High Tech High Employees Ask to Be Recognized as Union

Education

High Tech High Employees Ask to Be Recognized as Union

High Tech’s organizing effort is part of a growing movement to unionize charter school workforces locally and across the state. In recent years, teachers at Preuss School and Gompers Preparatory Academy, two of the most high-profile charters in San Diego, successfully unionized.

ocean acidification presentation at High Tech High
Students at High Tech High take part in an ocean acidification presentation in November 2017. / Photo courtesy of I Love a Clean San Diego

Employees at High Tech High – the largest charter school chain in San Diego County – have filed a petition with the California Public Employment Relations Board, asking to be recognized as a union.

High Tech’s organizing effort is part of a growing movement to unionize charter school workforces locally and across the state. In recent years, teachers at Preuss School and Gompers Preparatory Academy, two of the most high-profile charters in San Diego, successfully unionized.

Charter school teachers often say they lack job protections and burnout rates are high among their colleagues when pushing to unionize. But critics have made the argument that unions can stifle the relative freedom charter schools have to pursue innovative educational approaches and help the most disadvantaged students.

“Oftentimes, people say teachers only join unions because they want more money,” said Paola Capó-García, at 12th grade English teacher at High Tech High Media Arts. “Of course, salary is important. But the majority of things we want aren’t financial. They’re more about making sure the administration is hearing us and responding to our voice and protecting our livelihood and putting certain protocols in place so we feel not exploited and not burned out.”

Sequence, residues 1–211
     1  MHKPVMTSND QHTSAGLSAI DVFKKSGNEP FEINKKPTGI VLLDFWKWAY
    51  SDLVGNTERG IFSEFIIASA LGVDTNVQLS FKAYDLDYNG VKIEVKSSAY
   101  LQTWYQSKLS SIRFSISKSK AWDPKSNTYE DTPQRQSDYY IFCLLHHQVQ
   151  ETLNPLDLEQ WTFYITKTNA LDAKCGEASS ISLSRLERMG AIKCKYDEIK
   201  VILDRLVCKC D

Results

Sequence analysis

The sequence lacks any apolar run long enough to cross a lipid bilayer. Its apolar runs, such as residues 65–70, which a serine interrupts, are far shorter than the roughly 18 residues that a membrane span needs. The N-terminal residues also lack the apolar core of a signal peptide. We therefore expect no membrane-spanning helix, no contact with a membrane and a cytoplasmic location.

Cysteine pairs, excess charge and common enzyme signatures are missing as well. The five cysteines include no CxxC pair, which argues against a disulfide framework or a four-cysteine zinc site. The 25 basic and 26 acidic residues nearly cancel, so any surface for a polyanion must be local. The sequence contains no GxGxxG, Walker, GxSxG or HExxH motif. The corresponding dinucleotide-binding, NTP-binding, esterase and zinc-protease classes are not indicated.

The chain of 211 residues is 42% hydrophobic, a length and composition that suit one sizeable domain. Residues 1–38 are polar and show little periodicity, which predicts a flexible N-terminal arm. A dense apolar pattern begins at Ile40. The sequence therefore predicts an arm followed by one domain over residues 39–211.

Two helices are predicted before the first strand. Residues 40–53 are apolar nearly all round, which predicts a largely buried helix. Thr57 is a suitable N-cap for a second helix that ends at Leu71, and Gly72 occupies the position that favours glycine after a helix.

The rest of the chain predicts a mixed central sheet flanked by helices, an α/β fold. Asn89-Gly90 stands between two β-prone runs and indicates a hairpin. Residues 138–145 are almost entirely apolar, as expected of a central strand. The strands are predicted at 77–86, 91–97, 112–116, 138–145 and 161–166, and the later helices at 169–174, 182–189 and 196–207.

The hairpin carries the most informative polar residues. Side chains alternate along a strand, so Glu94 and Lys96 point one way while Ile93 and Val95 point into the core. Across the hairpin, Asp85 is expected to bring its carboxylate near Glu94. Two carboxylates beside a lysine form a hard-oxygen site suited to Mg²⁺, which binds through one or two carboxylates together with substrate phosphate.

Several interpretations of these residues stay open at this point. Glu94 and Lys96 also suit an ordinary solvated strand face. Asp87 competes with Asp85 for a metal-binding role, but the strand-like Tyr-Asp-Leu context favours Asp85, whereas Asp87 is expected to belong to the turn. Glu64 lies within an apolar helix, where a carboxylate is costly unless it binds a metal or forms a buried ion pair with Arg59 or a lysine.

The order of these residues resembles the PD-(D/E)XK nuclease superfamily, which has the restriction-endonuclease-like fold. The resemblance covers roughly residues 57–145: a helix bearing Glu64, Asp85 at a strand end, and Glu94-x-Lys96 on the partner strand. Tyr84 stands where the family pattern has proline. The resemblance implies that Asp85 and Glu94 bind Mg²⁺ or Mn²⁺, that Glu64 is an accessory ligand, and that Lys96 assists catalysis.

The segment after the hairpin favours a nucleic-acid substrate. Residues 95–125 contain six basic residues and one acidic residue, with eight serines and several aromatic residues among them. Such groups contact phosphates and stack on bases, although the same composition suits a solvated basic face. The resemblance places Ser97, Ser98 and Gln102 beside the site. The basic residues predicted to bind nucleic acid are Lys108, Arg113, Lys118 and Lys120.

Capó-García said many teachers leave High Tech quickly because they burn out or because pay is not commensurate with surrounding school districts like San Diego Unified.

Administrators for the High Tech chain of schools were not immediately available to comment.

High Tech, which started in Point Loma, has 16 charter schools in San Diego County. It has more than 6,000 students and roughly 400 teachers.

More than 60 percent of teachers and other employees with state-issued credentials, such as school counselors, signed a petition asking to be recognized, teachers involved with the organizing effort said. Public employees, like those at a charter school, only need a simple majority of support to be recognized as a union by the state employee relations board.

If the California Public Employee Relations Board certifies the petition, the administrators of High Tech High will be required by law to bargain a contract with the new union.

One thing teachers will likely push for is more stable contracts.

Teachers at High Tech are currently at-will employees with one-year contracts, said Capó-García.

When Preuss teachers unionized, they successfully secured two-year contracts, instead of the one-year contracts previously offered.

A previous Voice of San Diego investigation found that charter school teachers in San Diego County tend to be far less experienced than their traditional public school peers. That investigation found that on average teachers had much less experience at several High Tech schools than other local charters – indicating that teacher turnover was high at those schools.

The teachers will also likely push for higher salaries and more transparency around pay within the organization, said Capó-García.

If recognized, the High Tech union will become part of the California Teachers Association, the largest teachers union in California.

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